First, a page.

Adobe is giving customers access to more data with the launch of a new offering, the Audience Marketplace.
The company already offers the similarly named Audience Manager, where customers can bring together audience data to use across Adobe’s marketing products. (It is, in ad tech parlance, a data management platform, or DMP.) But Ali Bohra, director of product marketing for Audience Manager, said that the actual buying and selling of data is still happening outside the Adobe platform — something that’s changing with this new launch.
Before we get into more detail, how about a quick refresher on the different types of data used in advertising: There’s first-party data, which is what a company has collected on their own. There’s third-party data, which is purchased from data providers like Exelate and Acxiom. And then there’s second-party data, which is basically first-party data that a company chooses to share with a partner or partners.
Still with me? Okay, so the Audience Marketplace will include third-party data, just like any other data exchange, but from Bohra’s perspective, it’s the second-party data that represents “the real story,” and it’s an area that Adobe has been focusing on “over the last 12 to 18 months.”
“In what we’re calling the data economy, there’s an expanding view of who can buy data and who can sell data,” he said.
This might seem like a pretty arcane distinction, but Bohra argued that it makes a big difference, because third-party data tends to be a lot less specific, covering things like demographics and geography, compared to data that a company gathers for itself, which can include a user’s online activity, sales data, call center data and more.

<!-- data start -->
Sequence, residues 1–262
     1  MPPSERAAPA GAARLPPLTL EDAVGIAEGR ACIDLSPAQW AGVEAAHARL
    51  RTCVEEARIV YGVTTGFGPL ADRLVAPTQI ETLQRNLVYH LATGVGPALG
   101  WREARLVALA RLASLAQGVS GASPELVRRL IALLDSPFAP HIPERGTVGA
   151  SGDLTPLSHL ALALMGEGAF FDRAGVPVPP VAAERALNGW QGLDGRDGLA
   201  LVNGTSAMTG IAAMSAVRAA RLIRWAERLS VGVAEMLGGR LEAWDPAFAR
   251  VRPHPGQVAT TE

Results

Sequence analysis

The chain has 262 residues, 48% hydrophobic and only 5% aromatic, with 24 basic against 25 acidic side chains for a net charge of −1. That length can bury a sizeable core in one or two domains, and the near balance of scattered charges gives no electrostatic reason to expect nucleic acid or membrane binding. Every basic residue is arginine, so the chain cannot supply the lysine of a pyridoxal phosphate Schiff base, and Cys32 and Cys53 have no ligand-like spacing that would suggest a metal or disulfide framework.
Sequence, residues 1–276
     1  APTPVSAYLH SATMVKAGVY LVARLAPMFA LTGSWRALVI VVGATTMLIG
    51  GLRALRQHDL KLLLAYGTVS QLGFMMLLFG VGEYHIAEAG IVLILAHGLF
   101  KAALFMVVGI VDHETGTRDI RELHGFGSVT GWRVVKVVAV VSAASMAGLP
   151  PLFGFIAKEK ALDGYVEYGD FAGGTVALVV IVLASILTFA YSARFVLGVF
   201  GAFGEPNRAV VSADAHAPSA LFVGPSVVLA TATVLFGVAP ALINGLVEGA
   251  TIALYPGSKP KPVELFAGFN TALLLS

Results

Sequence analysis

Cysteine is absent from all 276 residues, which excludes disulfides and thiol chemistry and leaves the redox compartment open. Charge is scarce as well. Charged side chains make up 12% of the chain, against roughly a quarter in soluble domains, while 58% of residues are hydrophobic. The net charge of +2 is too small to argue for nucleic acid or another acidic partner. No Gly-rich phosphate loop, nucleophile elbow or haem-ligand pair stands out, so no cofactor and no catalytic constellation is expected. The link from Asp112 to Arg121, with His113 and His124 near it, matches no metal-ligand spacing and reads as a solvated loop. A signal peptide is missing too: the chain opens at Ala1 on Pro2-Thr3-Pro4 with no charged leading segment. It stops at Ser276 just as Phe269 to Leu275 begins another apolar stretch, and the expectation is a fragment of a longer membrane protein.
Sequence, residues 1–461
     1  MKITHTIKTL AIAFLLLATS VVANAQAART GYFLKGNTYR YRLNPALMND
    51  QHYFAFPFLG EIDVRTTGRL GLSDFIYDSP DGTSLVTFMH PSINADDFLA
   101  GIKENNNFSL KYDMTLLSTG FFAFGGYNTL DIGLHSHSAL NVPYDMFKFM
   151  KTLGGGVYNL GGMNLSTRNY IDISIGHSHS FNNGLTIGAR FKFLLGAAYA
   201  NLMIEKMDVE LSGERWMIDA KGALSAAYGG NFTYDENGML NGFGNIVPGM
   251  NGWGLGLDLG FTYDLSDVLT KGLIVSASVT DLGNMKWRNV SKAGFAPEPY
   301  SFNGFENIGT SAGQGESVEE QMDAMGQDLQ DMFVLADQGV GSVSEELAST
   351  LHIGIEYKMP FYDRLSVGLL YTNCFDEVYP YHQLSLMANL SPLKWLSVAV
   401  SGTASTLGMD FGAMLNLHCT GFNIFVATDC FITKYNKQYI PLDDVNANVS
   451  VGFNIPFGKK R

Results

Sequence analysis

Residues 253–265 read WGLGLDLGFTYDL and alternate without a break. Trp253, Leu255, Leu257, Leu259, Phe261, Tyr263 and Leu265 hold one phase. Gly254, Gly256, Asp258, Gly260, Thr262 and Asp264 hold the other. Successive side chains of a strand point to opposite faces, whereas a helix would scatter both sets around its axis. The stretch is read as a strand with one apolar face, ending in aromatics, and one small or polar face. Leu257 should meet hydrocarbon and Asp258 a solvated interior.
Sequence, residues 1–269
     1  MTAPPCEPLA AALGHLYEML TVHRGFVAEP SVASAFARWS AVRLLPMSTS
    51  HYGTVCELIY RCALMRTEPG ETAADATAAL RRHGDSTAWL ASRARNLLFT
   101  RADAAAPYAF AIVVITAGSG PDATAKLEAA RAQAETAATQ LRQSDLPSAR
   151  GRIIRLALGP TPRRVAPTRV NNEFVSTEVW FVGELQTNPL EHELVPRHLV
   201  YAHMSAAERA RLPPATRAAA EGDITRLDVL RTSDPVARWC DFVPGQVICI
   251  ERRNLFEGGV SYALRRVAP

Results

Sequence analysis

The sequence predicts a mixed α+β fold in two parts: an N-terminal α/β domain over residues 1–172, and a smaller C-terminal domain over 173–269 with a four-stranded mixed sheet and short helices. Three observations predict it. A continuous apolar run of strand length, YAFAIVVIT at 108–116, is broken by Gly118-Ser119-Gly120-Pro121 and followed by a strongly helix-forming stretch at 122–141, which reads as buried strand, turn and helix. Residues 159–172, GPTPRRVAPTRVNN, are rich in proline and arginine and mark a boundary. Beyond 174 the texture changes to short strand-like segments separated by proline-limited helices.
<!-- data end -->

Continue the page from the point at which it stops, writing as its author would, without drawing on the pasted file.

For example, an airline with a rewards program could sell data about ticket purchases and destinations to hotels, who could use that information to target and personalize their ad campaigns. Or an online media company could sell data about desirable segments in their audience.
“With third-party data, there’s nothing competitively differentiated — if I’m a brand, there’s nothing stopping a competitor from buying the same data on a third-party marketplace,” Bohra added. While second-party data isn’t exclusive either, it usually involves information that a company doesn’t want to share widely, but might be willing to sell to a few select partners.
Adobe has been talking about this marketplace since March (at least), but now it’s actually going live for Audience Manager customers. Besides the addition of second-party data, Bohra said Adobe’s approach stands out because it’s not selling any data of its own.
“Our philosophy is, we’re agnostic,” he said.
The goal is to eventually expand the marketplace across the entire Adobe Marketing Cloud. Bohra also said it’s designed to ensure that no personally identifiable information gets shared in the process.